With more than 2,800 physicians at five hospital campuses and a network of more than 100 primary-care and specialty clinics, Swedish Health Services is the largest nonprofit health provider in the greater Seattle area.  The organization first implemented their CDI program in 2011 in order to tackle the series of escalating regulatory and patient care reforms that were threatening their revenue streams and case mix index.  Post program roll-out, Swedish saw their mortality index decrease more than 1.29 percent.  Additionally, they have experienced a four percent shift in their case mix index (CMI) that has resulted in more than $10 million in ROI.

The ICD-10 delay is an opportunity for providers to evaluate the processes they currently have in place, and fortify procedures to ensure clinical documentation accuracy.  When implementing a CDI program, there are several strategies for success:

  1. Clinical focus: Integrating your CDI program with clinical quality initiatives, managed by clinical departments and overseen by a chief medical officer and supported by physician champions will create an environment of accountability and promote clinician engagement.
  2. Right tools at the right time:  Technology is only as good as staff education and proper implementation of the solution.  Carefully working with physicians and other members of the clinical team is necessary to assure integration of such solutions into efficient physician workflow.
  3. Identifying success metrics: Use your Case Mix Index (CMI) to demonstrate improved quality metrics as well as to monitor the impact the program has on compliance.  Organizations that have engaged physicians in their CDI program through such a clinical focus tend to see a CMI improvement between 4-8 percent.   The revenue cycle impact, while not the primary physician focus, is even greater than in non-clinically focused programs.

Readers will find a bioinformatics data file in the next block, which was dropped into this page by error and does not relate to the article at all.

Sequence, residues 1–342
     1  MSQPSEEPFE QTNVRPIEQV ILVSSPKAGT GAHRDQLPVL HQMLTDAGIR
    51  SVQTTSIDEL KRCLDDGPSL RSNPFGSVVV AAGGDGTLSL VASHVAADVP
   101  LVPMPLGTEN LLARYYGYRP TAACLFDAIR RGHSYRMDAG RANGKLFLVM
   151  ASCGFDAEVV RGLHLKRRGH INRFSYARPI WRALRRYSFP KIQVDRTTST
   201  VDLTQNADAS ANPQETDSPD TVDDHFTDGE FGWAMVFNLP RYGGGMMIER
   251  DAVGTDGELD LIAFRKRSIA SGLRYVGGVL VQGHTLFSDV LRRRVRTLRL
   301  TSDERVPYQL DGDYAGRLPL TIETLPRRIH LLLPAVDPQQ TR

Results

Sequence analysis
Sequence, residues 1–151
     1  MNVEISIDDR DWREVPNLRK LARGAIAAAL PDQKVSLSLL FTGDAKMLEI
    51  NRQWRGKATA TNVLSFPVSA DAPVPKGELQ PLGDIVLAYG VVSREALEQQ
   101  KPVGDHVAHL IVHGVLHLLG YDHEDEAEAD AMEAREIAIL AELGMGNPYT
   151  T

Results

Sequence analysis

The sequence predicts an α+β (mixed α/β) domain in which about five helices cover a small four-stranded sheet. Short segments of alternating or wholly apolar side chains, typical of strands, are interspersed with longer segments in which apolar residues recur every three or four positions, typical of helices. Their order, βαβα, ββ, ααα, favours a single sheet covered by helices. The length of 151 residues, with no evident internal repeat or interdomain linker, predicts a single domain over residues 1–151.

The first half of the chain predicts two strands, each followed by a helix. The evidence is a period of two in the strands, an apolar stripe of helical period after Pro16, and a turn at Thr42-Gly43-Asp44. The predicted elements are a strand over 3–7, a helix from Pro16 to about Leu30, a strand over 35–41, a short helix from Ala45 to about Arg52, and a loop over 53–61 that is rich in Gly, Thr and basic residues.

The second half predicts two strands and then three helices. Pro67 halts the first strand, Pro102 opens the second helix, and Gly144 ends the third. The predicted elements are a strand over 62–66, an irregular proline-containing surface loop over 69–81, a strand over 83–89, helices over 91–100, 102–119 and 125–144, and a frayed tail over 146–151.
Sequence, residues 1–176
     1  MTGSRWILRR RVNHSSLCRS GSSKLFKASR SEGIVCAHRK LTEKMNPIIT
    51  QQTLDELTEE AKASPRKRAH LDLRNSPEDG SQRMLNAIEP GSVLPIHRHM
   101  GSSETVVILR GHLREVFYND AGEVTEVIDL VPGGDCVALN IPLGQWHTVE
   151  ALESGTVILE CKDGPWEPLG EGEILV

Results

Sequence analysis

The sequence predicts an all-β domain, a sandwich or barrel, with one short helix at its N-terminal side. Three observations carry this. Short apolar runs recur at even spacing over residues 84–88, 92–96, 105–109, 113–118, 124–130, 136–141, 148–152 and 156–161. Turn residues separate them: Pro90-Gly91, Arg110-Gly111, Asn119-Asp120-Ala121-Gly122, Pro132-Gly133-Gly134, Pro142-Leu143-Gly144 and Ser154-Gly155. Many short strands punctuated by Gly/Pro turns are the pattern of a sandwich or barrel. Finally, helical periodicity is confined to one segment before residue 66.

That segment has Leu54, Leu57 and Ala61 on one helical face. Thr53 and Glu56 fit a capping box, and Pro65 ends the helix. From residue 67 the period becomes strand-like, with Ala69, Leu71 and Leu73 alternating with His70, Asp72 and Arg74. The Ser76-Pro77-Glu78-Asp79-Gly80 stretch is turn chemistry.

Although the delay in ICD-10 implementation was unexpected, health provider organizations have been given an opportunity for enhancing their CDI programs during the period of extension, allowing them to taking the time they need to turn a critical eye on clinical documentation accuracy, make sure they have the right education and tools for the job, the right people in place to support the initiatives, and the metrics in place to track successes and future opportunities.  The “final, final, final” ICD-10 transition deadline may still be unknown, but that doesn’t mean our preparation efforts should come to a grinding halt.

 

Sources:

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Dr. Paul Weygandt

About Dr. Paul Weygandt

Paul is Vice President of Physician Services and has coordinated and delivered physician education seminars, in-services, and individual physician support in numerous client hospitals across the country. Prior to joining Nuance, he served as the vice president of physician services at J. A. Thomas & Associates (JATA). He has developed specialized approaches to physician documentation, assisting physician leaders in communicating the importance of accurate, legally-compliant clinical documentation. He is a member of JATA’s speakers’ bureau and has spoken at numerous national meetings as well as authored many articles. Paul attended the University of Cincinnati College of Medicine and the University of Missouri-Columbia School of Law. Paul has boy/girl twins – both of whom are physicians – and a daughter who is a business executive. He and his wife are excitedly engaged in the ongoing restoration of a 150-year-old farm.